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The design aims to place more emphasis on the Eucharist and the altar

“The church clearly defines its purpose: while the Creator and the almighty God are at the centre of traditional liturgy, modern liturgical efforts have shifted emphasis to the recreator God, the image of a perpetually redeeming Christ,” Gutowski added.

“The Church of Pope John Paul II represents a conscious response to liturgical changes in recent decades, rendering it a model church experiment in contemporary church architecture,” he continued.

“Emphasis is shifted toward the active involvement of worshippers.The community is not a passive observer of events in a sanctuary, but rather actively experiences the holy act.”

a room with a brick building: The church building itself has a crescent-like shape

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The church building itself has a crescent-like shape

Several rooms lead off of the central, liturgical space, including a communal room, a service room and an office on the ground floor, and an educational room, guest room, the priest’s living quarters, and access to the bell tower on the first floor.

Each of these rooms are enclosed in one, whole elliptical floor plan – a form chosen to symbolise “perpetuity” and to create a holistic space.

“The concept is that when we say

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VW ID 4 interior keeps it minimal but isn’t low on style

Keep it simple.


Later this month, Volkswagen will pull back the veil on the production version of its upcoming ID 4 electric SUV. We’ve already seen some renderings of the exterior, and now it’s time to take a peek inside.

VW on Friday unveiled some teaser renderings of the production ID 4’s interior. The first thing most people will notice is just how clean and unfettered the layout is. There’s a single “floating” screen in the middle of the dashboard, a screen in place of the gauge cluster, one small smattering of buttons to the left of the wheel, and that’s it. The dashboard is low and flat for better visibility, and there’s little happening below the beltline. It’s simple, straightforward and — like many other vehicles in 2020 — rocking some ambient lighting to spice things up.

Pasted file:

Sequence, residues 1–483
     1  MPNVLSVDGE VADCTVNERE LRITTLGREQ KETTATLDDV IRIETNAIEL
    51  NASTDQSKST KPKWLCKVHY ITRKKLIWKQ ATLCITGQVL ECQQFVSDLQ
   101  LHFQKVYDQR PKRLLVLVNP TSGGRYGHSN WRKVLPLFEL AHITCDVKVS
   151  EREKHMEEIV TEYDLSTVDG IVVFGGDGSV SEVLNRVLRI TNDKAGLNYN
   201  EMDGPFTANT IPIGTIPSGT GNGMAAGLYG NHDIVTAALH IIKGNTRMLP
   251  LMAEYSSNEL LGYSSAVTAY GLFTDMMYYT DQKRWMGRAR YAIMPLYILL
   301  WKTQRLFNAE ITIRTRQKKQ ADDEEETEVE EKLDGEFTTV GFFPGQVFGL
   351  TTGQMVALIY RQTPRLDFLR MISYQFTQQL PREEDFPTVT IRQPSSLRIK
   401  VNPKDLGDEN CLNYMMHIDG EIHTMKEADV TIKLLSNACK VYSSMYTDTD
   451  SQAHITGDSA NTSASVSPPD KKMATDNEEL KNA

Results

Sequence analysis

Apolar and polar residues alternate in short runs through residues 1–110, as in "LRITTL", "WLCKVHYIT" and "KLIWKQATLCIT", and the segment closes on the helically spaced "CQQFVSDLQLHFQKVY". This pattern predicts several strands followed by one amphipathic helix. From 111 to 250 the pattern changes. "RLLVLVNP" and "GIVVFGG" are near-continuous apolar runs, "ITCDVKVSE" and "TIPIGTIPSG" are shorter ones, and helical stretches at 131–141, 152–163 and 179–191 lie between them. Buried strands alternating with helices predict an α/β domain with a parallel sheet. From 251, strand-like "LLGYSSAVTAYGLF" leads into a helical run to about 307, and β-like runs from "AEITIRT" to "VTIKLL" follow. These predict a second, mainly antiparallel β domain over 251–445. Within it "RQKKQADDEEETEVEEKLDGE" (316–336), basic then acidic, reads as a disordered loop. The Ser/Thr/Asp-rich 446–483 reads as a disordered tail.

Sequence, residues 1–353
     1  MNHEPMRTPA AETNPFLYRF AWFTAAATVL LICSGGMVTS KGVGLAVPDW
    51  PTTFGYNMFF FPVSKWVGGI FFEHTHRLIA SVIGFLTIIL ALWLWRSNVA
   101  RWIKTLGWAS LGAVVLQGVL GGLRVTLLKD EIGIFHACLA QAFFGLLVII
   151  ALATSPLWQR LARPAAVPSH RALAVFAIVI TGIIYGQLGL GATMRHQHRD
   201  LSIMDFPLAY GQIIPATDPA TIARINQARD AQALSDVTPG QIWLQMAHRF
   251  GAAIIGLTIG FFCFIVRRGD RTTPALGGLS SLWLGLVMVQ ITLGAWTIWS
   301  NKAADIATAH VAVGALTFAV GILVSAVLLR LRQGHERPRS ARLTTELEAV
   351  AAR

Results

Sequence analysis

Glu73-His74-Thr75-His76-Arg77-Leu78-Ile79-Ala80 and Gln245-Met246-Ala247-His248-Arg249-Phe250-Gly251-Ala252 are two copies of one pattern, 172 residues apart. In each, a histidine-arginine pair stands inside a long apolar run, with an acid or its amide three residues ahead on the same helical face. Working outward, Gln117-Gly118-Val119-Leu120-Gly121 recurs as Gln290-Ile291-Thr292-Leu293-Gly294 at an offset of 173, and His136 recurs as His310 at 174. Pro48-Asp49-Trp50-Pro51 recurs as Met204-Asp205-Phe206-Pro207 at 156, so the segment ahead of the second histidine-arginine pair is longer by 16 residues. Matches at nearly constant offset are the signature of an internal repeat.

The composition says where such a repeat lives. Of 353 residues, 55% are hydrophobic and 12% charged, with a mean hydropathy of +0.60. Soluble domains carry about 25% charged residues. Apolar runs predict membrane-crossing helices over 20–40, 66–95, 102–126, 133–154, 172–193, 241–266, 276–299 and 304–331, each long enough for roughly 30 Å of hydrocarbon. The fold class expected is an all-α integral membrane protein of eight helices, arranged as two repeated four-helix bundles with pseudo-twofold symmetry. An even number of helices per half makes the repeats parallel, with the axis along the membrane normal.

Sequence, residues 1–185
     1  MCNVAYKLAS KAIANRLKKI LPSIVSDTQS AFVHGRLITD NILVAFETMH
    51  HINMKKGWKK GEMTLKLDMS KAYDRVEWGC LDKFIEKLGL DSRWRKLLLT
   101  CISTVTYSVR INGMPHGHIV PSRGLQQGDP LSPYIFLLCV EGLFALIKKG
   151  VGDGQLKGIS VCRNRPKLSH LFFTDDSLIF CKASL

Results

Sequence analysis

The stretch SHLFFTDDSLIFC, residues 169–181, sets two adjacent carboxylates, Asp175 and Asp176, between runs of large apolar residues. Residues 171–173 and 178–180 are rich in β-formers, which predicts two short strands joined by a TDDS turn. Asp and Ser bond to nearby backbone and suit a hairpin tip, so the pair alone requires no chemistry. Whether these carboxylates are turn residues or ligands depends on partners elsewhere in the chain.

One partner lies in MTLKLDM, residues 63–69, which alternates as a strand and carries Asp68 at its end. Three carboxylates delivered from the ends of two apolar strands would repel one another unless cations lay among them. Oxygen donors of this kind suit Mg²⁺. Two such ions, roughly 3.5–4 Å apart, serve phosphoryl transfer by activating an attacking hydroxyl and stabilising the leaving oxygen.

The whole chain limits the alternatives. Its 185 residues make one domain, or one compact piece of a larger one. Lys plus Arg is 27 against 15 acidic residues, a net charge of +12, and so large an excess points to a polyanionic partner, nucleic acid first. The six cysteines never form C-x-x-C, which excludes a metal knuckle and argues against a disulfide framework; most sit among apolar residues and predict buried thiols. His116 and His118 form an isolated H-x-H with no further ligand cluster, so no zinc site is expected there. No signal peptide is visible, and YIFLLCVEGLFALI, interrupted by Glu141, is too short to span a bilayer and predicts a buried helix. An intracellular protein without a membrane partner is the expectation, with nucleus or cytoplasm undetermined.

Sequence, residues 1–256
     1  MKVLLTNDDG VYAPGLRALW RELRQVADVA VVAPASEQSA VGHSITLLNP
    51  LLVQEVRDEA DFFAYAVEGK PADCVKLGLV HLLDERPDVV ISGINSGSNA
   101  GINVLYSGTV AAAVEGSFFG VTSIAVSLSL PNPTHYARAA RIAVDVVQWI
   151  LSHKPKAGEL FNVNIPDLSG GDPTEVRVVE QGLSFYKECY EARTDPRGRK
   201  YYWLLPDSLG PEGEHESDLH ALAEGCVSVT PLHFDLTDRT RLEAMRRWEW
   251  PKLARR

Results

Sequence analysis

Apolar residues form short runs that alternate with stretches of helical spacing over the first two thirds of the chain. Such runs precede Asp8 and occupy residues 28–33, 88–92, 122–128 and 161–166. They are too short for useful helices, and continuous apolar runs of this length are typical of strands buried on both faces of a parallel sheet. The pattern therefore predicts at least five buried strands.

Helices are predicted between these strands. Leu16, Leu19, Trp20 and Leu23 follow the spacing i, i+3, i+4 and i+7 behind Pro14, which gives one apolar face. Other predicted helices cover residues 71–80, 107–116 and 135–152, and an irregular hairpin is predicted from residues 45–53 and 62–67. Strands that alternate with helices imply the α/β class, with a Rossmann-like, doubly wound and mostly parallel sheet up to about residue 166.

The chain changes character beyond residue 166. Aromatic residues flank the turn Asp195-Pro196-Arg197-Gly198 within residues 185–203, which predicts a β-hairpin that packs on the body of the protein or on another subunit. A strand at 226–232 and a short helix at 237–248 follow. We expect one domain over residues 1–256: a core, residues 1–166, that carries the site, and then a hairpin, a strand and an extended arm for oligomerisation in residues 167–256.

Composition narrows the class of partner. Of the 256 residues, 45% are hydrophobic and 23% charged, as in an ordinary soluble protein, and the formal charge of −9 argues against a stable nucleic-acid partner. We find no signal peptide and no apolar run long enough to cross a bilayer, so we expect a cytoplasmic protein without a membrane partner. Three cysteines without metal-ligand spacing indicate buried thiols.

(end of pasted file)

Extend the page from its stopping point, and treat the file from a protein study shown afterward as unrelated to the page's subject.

The parking brake is engaged by pushing the large button to the right of the gauge display.


Light will play an important part in the ID 4. In addition to the fancy ambient stuff, there’s also something VW calls ID Light. This strip just below the windshield is used to notify the driver of certain conditions, such as locking and unlocking, or whether or not the car’s various driver assists are activated. Heck, it’ll even warn you when someone’s trying to call you.

VW also gave out more information about the ID 4 in general. One shot gives us a preview of the key. If you’re used to the tired old switchblade style of the current VW key, you’re in luck — this new one is much sleeker, with three buttons combined seamlessly into a piano black face. VW also previewed the way to enter the vehicle; like a few other cars these days, the ID 4 will have flush door handles that blend into the bodywork.

VW naturally didn’t want to give away the whole shebang early, so that’s all we’ve got on the ID 4 for now. But as we roll into September, the ID 4’s official unveiling is just a couple weeks away, so keep your eyes peeled to Roadshow for more information as it arrives.

Considering how… aged Volkswagen’s current keys are, the ID 4’s fob is pretty slick.